By Michelle Reeb, The Marketer Network
The butterfly and the flower thrive because of each others’ existence. While the butterfly drinks a flowers’ nectar, it transfers pollen from flower to flower which produce seeds that kick-start the process of new life for the flowers. Together their ecosystems flourish.
Just as in nature, the relationship between businesses and their customers is symbiotic, where both the company and customer benefit from one another.
The customer relationship is just one element of a business ecosystem, but it is one of the most important. By understanding what motivates your customer, you’re better poised to meet their needs to drive their success (and yours).
To make the biggest impact with your marketing investment, consider a focus on developing tight-knit relationships with your customers. Start by gaining a deep understanding of your customer: what is important to them – what drives their success – how you contribute to their success.
“A mutually beneficial relationship between different people or groups.”
What is your relationship with your customers?
Do you know their pain points? Are they better off because of you? Do they like working with you? Do they want to see you succeed as much as you want to see them succeed? Oftentimes, the answer is no to one or all of these questions. But what if the answers were all YES? What would the result be on your business?
Getting to YES!
In business, symbiotic relationships go well beyond a buy/sell arrangement; they are a function of business value for your customers and yourself. Think of them as collaborative partnerships built on trust, support and dependence, which provide mutual benefit and which continue indefinitely.
Profile of a Buy / Sell Relationship
A business develops useful products and services. Customers buy those products and services because they value the offering. The results, revenue for the business and a happy customer.
But it doesn’t have to end here.
Profile of a Symbiotic Relationship
If only a business understood its customer better, what would result? Better offerings? Laser focus on investments in R&D and marketing? Enriched customer commitment and loyalty? Increased revenue? Fulfilling relationships that make our jobs more fun and enjoyable in an environment based on service and success?
Businesses fostering symbiotic relationships are concerned about the positive impact they are contributing to the success of those they serve.
How about you? What changes would you make if you understood the impact you have on the success of your customers? Building a thriving symbiotic relationship is a journey of the ins and outs of your business.
THERE ARE 3 STEPS TO DEVELOPING SYMBIOTIC RELATIONSHIPS
Step 1: Introspection (Know Thyself)
- Why does our business exist?
- What do we care about?
- What inspires us?
- What are we best at?
- What makes us unique?
Step 2: Outward Perspective (Know Thy Customer)
- Who do we serve?
- What’s important to them?
- What’s our likeability in our customers’ eyes?
Step 3: Creating The Ultimate Customer Experience
- How do we engage those we serve?
- How are we contributing to their success?
- Is our relationship poised for lifelong sustainability?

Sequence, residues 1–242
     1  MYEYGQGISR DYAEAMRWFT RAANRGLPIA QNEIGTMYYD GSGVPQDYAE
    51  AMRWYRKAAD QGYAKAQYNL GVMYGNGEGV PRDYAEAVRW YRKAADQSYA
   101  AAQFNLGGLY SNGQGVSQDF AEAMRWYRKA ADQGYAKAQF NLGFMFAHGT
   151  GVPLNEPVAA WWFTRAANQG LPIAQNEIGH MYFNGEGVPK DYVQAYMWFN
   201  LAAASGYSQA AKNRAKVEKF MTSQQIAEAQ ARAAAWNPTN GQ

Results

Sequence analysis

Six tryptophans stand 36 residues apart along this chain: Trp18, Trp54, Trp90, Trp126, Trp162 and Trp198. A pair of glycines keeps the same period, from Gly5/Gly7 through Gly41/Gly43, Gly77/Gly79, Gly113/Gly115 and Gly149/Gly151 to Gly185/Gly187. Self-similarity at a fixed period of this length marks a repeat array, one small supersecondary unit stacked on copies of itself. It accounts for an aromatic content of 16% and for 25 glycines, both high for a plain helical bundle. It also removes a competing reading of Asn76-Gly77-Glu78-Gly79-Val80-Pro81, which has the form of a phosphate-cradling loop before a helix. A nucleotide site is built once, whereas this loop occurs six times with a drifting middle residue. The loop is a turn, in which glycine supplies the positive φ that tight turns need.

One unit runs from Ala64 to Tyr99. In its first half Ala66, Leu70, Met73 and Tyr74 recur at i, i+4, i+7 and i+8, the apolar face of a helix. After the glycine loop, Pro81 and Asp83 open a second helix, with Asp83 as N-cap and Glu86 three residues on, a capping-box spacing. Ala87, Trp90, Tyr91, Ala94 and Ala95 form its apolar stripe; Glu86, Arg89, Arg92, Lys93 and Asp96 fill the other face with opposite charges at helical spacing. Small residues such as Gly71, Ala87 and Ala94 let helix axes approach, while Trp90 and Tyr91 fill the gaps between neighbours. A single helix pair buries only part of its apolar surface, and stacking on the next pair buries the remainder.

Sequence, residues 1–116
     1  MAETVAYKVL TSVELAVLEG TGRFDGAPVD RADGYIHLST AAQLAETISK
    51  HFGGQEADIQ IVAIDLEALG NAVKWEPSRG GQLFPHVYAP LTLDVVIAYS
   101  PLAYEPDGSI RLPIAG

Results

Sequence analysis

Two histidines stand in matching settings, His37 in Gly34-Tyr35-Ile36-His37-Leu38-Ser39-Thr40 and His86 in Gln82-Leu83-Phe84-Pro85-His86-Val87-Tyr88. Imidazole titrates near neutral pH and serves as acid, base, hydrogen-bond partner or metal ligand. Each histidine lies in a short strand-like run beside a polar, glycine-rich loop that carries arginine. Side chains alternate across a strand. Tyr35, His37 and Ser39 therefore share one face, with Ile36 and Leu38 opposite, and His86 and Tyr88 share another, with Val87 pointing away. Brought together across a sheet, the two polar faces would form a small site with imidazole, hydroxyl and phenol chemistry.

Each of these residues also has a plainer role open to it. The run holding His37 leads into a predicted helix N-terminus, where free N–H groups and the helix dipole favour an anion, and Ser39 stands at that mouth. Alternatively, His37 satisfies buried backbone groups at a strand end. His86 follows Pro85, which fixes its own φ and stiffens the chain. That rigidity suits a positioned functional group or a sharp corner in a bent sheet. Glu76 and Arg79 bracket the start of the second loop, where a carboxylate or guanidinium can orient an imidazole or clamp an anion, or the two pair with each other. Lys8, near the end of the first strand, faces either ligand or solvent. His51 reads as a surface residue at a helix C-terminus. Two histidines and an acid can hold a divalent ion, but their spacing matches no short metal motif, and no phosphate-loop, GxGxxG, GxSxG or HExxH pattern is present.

- Are they as thrilled about our success as we are with theirs?
And the world would be perfect. Well, not perfect, but it would be better. In Rafe Sagarin’s HBR blog, “To Overcome Your Company’s Limits, Look to Symbiosis”, he refers to symbiosis as a “powerful force in business”, while also noting that “natural organisms don’t strive for perfection, they just try to solve problems.” By solving the most painful problems our customers face, they become dependent on our business, just as our business is dependent upon them.
Businesses become their best selves when they build close-knit relationships with their clients. When you’re in a relationship where you both have something to gain, you both want to stay in it as long as possible to see what unfolds. It’s exciting and fun because you both experience growth, learning and becoming better because of your relationship. These partnerships last as long as you both contribute your time and attention and gain value from it.
If your relationship is truly special, the customer who decides to move in a new direction will let you know exactly why they are thinking of making a switch well before they actually do, so that you have the opportunity to learn and rectify the situation. Even if the relationship turns sour, at least you will know why. And if you handle the change well, they may come back to you down the road.
Not All Customers Are the Same
Businesses are most efficient in building symbiotic relationships when they target groupings of customers who have similar profiles, and interacting with them in customized ways. Today’s inexpensive access to data enables us to personally target our customers like never before.
You can identify the make-up of those you serve by creating personas. This will help you develop your action plan for engaging each group based on their preferences. According to Cathy Phillips, out of 44% of businesses using buyer personas, 85% are NOT using them effectively. Her #1 piece of advice is for a company to interview their buyers when developing buyer personas, to really understand what makes them tick.
How do you create value for your customers?
Symbiotic relationships are essential to many ecosystems as they provide a balance that can only be achieved by working together. According to Future CMO, “The driving force for the symbiosis is to find the ultimate value proposition and create collaboration in order to achieve it.”
“Value creation refers to the act of bringing something of value into existence. Participants can create value through innovating products, services or experiences.”
IBM Institute for Business Value, The new age of ecosystems
Yes! The Ultimate Customer Experience.